Enter the plate drying rack. They are such a handy and convenient dry plate photography tool. Plate drying racks have been around almost as long as photography itself, but oddly enough antique racks are very difficult to find. So, you either have to fork over half-a-fortune if you do come across one, adapt something for the job, or make your own.
In an effort to help you out in your dry plate photography ventures, I'm going to start offering useful dry plate accessories for sale through my Etsy shop. Made by Greg Fealey of Cold Creek Wood Products, these wooden plate drying racks are great for holding 9x12, 4x5, and larger plates while they dry after being developed. Made of oak and with a water-resistant finish, they are solid performers that will hold up for many years.
Feel free to check out the listing at http://www.etsy.com/shop/Pictoriographica A major goal of mine is to keep dry plate photography as affordable as possible, so I've pushed down the price as far as I can to US$45 + $10 shipping.
When you shoot glass plate negatives, one of the last things you'll think of is storage of the plates. I realized I had this problem when I started cleaning the dust off stacks of plates on my desk. Fortunately for us, archival storage of glass plate negatives is something the industry has been dealing with for about a century now.
For my use, I've found the archival glass negative storage boxes and envelopes available from http://www.gaylord.com/Photo%2C-Print-%26-Art/Gaylord-Archival%26%23174%3B-Blue-Grey-Barrier-Board-Glass-Negative-Storage-System/p/HYB02428 to be perfect for my use. The 4" x 5" boxes listed in the link easily store 100 plates, in a container that will fit great on your bookshelf or on top of your case of 35mm slides. :)
Over the course of the past few days I've had several requests for 2 1/2" by 2 1/2" plates. I mentioned this coincidence to a customer and he replied that this is the format size for Holga custom collodion backs made by Holgamods. Mystery solved!
I contacted Randy at Holgamods yesterday and had a great conversation about all things Holga and dry plates. Randy's a great guy who should be familiar to all the Holga shooters out there in the world. Works super hard supplying modified Holgas and accessories and really enjoys what he's doing. He was pretty excited about what I'm doing as well, so I expect he'll give a heads-up to the Holga community about the availability of dry plates compatible with his plate backs.
While it's not listed in the "stock list", I can make dry plates in this size just like any other size. I've been quoting $13 + S&H for a pack of 10 plates. Due to the nature of the 3D printing process, and until I have a better feel for dimensional tolerances of the holders, please measure the plate clearance dimensions on your holder so I can ensure the plates will fit. So far, measurements range from 61x61mm to 64 x 64 mm (61mm = 2.40" and 64mm = 2.52"). I'll remind you to make the measurements when you request the order.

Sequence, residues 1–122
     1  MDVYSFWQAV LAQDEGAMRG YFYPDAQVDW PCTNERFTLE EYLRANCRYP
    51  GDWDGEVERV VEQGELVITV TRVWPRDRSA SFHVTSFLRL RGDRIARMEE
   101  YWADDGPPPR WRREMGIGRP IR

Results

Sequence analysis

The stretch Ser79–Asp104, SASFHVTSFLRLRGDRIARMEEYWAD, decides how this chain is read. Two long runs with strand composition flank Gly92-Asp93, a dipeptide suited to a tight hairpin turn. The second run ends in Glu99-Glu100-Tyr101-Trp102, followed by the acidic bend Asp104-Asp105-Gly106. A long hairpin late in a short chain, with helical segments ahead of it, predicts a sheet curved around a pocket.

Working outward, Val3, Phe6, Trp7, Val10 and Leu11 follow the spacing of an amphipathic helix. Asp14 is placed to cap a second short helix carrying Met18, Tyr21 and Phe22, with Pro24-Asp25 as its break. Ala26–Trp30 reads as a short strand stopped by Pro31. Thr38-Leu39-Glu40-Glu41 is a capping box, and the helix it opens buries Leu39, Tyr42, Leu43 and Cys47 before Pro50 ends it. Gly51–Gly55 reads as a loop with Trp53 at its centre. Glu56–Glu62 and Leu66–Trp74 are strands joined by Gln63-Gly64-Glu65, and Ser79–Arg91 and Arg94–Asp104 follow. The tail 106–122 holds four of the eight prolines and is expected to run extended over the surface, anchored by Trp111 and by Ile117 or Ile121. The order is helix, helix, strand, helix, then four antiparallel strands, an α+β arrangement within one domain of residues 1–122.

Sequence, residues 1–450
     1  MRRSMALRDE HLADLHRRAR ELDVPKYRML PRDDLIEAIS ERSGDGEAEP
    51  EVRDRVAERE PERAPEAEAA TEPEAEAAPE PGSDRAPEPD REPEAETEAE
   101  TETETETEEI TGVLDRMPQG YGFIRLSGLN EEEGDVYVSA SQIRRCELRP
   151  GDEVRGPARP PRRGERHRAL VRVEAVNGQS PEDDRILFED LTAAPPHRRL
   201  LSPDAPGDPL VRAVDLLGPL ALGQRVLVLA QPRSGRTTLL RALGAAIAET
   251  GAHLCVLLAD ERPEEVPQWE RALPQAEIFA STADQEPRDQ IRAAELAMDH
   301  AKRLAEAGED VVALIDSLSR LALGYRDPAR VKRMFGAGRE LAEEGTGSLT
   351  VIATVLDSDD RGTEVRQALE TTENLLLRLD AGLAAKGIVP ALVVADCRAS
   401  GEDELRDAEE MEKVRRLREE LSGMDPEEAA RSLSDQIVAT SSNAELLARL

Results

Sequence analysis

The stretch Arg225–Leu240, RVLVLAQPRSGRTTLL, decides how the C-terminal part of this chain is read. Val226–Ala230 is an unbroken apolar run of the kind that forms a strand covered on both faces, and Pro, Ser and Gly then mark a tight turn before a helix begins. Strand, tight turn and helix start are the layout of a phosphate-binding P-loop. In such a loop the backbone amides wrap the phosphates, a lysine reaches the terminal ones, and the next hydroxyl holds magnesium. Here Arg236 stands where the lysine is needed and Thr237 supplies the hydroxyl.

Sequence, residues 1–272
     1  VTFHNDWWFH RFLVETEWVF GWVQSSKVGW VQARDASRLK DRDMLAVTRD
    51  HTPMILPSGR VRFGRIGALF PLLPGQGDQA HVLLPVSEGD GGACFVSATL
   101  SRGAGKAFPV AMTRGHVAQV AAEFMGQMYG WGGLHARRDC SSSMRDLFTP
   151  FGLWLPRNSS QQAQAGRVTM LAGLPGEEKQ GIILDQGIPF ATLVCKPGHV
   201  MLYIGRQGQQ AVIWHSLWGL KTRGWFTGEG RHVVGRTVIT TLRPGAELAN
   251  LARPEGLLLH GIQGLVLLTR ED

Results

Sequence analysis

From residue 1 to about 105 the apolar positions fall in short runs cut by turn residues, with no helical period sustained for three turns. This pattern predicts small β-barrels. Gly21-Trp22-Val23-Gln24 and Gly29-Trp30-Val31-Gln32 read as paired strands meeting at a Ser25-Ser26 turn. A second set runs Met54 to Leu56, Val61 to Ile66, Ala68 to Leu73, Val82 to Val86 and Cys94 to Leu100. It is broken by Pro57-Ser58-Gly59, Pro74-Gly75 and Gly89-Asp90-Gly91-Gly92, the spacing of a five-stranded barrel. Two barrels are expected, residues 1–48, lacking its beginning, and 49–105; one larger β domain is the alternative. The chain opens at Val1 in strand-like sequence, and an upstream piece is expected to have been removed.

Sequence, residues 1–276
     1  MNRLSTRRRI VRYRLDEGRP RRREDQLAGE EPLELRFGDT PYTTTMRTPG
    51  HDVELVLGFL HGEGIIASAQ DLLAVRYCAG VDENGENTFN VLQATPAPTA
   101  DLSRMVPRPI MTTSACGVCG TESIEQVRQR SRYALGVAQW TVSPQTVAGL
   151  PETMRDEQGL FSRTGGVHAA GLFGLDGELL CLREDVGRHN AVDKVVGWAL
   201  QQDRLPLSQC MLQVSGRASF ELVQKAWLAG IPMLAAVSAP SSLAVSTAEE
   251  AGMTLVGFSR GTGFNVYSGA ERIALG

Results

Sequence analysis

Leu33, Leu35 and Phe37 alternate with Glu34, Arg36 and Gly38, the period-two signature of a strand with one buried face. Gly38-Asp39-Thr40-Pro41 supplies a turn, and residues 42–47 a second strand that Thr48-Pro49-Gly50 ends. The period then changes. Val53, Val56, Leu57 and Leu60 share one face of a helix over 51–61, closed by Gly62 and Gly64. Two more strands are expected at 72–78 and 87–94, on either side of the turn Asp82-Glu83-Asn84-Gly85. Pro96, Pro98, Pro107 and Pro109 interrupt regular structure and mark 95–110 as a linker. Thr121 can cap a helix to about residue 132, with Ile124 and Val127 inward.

Visit http://www.holgamods.com and follow the link for "3D Stuff" to find the Holgamods plate holding back. He also has a panoramic format plate holding back on that page.
Very cool stuff!
A couple of months ago, I was invited by coordinator John Dockery to set up a table at the Photographic Historical Society of New England's annual PHOTOGRAPHICA antique camera show. The show is held outside of Boston, MA, and draws crowds not only from the New England area but from across the country as well.
Exhausting but fun, I met a TON of great people and spent HOURS talking about one of my favorite topics -- dry plate photography! Doesn't get much better than that. I even sold some boxes of plates, and ran out of business cards *much* earlier than expected. If you were one of those who were accommodating enough to simply snap a photo of my last remaining card ... thank you !
I'm so glad to have been able to attend and let folks know about the availability of dry plates. My goal has always been to bring dry plate back as a viable photographic media, putting the plate cameras of the period back into use. I've always felt that the learning curve required for coating glass prevents more widespread interest (such as with the uptick in interest that wet plate has seen). Photography shows like PHOTOGRAPHICA is an important avenue for getting the word out that there's an easier way to get involved in dry plate photography. I'm pretty optimistic about the interest out there, especially after attending the show and meeting all the people who stopped by to chat and satisfy their curiosity!